The third group member is Elmira Andagulova. She is 45 and has a daughter who is 16. Her daughter helps her mother after school. Her husband works as a builder and earns $115.00 per month. Seven years ago, Elmira began a business. She sells staple foods, products that are used daily. Her profit is about $150.000 per month. Her business is growing and the income has improved her family's well being. With her loan, she wants to buy 100 kg of sugar, different cereals, vegetable oil and other staple goods.

The fourth member of the group is Musa Kurmanov, a 56-year old man whose wife is on a pension. He began this business three years ago. He raises calves and sells them at the market, earning about $90.00 a month. He is going to expand his business by increasing the size of his herd. With the loan he wants to buy a bull.

In a group loan, members know each other well, and trust each other. Each member of the group receives an individual loan but is bound by a group guarantee. Under this arrangement members of the group support one another and are responsible for paying back the loans of their fellow group members if someone is delinquent or defaults.

This is our eighth KIVA loan, and all lenders are making their repayments on time. This means that each month the payments are put into our KIVA account, and we may choose to withdraw or reloan the money. To this point we have reloaned it as it has come back. So the money we loaned is being recycled as it were, and is going back out as new loans.

Tuesday, February 02, 2010

A Revolution in the Fields

If you've looked recently, you may have noticed that TV is a mostly vast wasteland of mindless crap. As the fella said, "Four hundred channels and nothing on."

I turned on the set to watch the news over the weekend, forgetting that on the weekends the early news is supplanted by the emetic "Family Guy". I flicked the channel, looking for news and happened on Suzuki's "The Nature of Things".

This episode was on the Cuban agricultural revolution, and proved to be absolutely fascinating. Back in the days when the Cuban economy was propped up by the Soviets Cuba used to export sugar and citrus fruit to the Soviet Union. It imported most of its food. According to the Cuban government, they were pouring 10-15 calories of energy into the production of a single calorie of food. In other words, they were doing exactly what the rest of the industrialized world is doing now.

When the Soviet Union collapsed and the ships full of oil, fertilizer, pesticides, and staple goods quit coming, Cuba's economy fell to pieces. And the agricultural system turned toes up. The calorie intake of the average Cuban fell from about 2,600 calories a day in the late 1980s to between 1,000 and 1,500 by 1993. Essentially, people had to get by on about half the food they had been eating.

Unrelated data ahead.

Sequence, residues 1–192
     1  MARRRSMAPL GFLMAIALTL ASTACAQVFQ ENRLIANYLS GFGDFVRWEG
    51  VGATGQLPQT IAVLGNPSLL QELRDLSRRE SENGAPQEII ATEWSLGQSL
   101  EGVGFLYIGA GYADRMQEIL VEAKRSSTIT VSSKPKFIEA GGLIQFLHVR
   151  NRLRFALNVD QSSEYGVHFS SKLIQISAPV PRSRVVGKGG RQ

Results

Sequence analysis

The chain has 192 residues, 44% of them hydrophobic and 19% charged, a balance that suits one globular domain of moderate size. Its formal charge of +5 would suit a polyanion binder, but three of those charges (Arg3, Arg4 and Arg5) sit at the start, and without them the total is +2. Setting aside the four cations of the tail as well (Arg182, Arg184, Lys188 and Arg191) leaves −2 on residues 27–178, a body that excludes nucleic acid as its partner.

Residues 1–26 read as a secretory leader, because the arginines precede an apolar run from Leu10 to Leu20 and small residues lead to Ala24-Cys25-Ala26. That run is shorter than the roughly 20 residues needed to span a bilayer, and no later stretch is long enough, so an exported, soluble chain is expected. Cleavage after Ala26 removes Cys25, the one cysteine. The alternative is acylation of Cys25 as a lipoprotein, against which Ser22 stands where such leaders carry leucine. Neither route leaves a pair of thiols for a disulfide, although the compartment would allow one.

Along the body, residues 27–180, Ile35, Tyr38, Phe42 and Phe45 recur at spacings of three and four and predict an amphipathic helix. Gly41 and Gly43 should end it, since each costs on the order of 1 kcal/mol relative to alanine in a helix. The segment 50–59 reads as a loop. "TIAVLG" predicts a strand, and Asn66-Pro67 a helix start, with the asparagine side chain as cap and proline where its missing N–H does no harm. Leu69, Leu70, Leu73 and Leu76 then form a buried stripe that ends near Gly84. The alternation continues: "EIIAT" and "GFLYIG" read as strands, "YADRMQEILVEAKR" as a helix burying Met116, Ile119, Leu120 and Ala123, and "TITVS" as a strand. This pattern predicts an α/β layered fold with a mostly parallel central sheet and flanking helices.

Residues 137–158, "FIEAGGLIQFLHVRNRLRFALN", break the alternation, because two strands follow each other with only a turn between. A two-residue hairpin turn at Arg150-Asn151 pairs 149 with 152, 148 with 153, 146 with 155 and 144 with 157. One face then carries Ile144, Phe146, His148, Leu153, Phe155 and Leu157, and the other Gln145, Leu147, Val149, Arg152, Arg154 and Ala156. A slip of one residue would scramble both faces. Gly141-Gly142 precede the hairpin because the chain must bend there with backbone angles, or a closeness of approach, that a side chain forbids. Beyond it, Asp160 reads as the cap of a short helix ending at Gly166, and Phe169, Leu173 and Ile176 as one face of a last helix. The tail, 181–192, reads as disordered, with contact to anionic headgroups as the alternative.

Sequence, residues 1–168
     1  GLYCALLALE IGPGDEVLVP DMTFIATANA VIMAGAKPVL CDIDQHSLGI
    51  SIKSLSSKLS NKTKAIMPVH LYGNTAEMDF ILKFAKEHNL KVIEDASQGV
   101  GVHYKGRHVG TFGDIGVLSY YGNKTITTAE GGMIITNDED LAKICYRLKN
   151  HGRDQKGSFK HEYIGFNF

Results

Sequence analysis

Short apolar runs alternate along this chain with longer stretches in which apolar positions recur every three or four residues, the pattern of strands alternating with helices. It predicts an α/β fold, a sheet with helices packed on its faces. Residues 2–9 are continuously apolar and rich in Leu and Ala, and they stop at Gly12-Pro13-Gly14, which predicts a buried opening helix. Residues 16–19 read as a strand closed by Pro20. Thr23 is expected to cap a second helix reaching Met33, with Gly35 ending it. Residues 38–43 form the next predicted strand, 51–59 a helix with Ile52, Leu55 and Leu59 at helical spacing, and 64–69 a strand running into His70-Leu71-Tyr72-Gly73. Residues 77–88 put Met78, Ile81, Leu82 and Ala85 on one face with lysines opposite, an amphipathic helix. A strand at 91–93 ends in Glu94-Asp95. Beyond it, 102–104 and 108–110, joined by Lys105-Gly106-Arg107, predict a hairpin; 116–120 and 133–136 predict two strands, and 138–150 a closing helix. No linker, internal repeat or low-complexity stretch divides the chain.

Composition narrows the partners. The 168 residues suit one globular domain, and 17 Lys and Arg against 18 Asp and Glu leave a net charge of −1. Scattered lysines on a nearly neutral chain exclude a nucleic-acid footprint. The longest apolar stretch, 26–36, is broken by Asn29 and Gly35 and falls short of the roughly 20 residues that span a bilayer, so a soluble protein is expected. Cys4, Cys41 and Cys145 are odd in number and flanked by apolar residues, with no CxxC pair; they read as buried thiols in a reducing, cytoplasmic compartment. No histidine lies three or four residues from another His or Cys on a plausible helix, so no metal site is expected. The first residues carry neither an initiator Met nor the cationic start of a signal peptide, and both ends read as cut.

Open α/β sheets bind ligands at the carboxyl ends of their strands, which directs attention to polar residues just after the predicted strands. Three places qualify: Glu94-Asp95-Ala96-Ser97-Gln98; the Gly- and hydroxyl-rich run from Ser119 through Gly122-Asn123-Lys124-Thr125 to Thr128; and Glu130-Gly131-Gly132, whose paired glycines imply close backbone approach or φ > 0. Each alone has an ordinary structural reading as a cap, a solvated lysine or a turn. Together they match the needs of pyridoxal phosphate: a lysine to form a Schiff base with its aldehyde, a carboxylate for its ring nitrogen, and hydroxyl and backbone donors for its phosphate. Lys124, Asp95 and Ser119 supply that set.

So, with an US-enforced embargo cutting them off from the most basic industrialized products, they went back to basics, and prioritized food production and the small-scale farmer. With no fertilizers and pesticides, they turned to composting, vermiculture and organic methods of farming. Tractors were parked and farmers began working their fields with oxen. Elderly farmers who had worked with animals in their youth were recruited to help train a new generation of farmers.

Seed programs were started, where farmers saved seed from their most productive plants, and a free seed exchange was set up. This improves productivity for all farmers, and produces the kind of bio-diversity in plants which gives them resistance to pests.

Cuba now has over 7,000 urban allotment gardens, (called organoponicos, which fill more than 80,000 acres. Some are tiny plots in the middle of apartment-block complexes or tucked between the crumbling colonial-era homes that fill Havana. More than 200 such urban gardens in Havana supply the city with more than 90% of their fruit and vegetables.

The Vivero Organoponico Alamar is considered one of the most successful. Started less than 10 years ago, the one and three-quarter acre plot employs about 25 people and grows a variety of healthy, low-cost food for local consumption. Average daily calorie intake in Cuba is back to 2,600 a day, and what's more it's fresh, organic and almost entirely sustainable grown. Cuban food production uses just 5% of the energy used to grow food in the US and other industrialized nations.

In Cuba farming is a desirable occupation and farm communities are thriving, rather than dying, as they are where agri-business has taken over.

May be time for all of us to take a good close look at Cuba's agricultural revolution and learn a thing or two.